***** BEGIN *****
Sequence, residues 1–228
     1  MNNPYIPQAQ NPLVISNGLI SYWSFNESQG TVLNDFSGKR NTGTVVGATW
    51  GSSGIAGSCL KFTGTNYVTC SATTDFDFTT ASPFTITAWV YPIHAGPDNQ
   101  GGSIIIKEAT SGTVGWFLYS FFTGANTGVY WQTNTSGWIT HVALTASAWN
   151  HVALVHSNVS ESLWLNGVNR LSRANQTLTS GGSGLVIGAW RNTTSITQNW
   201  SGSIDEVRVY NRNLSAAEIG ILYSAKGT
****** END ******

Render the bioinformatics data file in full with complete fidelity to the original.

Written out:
Sequence, residues 1–228
     1  MNNPYIPQAQ NPLVISNGLI SYWSFNESQG TVLNDFSGKR NTGTVVGATW
    51  GSSGIAGSCL KFTGTNYVTC SATTDFDFTT ASPFTITAWV YPIHAGPDNQ
   101  GGSIIIKEAT SGTVGWFLYS FFTGANTGVY WQTNTSGWIT HVALTASAWN
   151  HVALVHSNVS ESLWLNGVNR LSRANQTLTS GGSGLVIGAW RNTTSITQNW
   201  SGSIDEVRVY NRNLSAAEIG ILYSAKGT